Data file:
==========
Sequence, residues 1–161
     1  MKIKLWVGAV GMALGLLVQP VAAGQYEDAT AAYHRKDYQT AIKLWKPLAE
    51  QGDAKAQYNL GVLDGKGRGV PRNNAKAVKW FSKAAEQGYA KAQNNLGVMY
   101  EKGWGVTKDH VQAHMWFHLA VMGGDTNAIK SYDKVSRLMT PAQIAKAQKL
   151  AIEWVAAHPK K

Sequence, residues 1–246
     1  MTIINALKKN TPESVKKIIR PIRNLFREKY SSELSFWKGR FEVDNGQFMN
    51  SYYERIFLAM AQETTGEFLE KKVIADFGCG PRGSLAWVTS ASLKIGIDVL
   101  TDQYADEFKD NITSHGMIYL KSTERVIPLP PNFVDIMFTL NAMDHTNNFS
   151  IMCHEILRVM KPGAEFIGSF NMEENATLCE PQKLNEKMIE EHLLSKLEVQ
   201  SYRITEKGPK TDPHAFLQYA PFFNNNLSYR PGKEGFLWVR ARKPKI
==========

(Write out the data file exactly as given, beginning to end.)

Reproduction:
Sequence, residues 1–161
     1  MKIKLWVGAV GMALGLLVQP VAAGQYEDAT AAYHRKDYQT AIKLWKPLAE
    51  QGDAKAQYNL GVLDGKGRGV PRNNAKAVKW FSKAAEQGYA KAQNNLGVMY
   101  EKGWGVTKDH VQAHMWFHLA VMGGDTNAIK SYDKVSRLMT PAQIAKAQKL
   151  AIEWVAAHPK K

Sequence, residues 1–246
     1  MTIINALKKN TPESVKKIIR PIRNLFREKY SSELSFWKGR FEVDNGQFMN
    51  SYYERIFLAM AQETTGEFLE KKVIADFGCG PRGSLAWVTS ASLKIGIDVL
   101  TDQYADEFKD NITSHGMIYL KSTERVIPLP PNFVDIMFTL NAMDHTNNFS
   151  IMCHEILRVM KPGAEFIGSF NMEENATLCE PQKLNEKMIE EHLLSKLEVQ
   201  SYRITEKGPK TDPHAFLQYA PFFNNNLSYR PGKEGFLWVR ARKPKI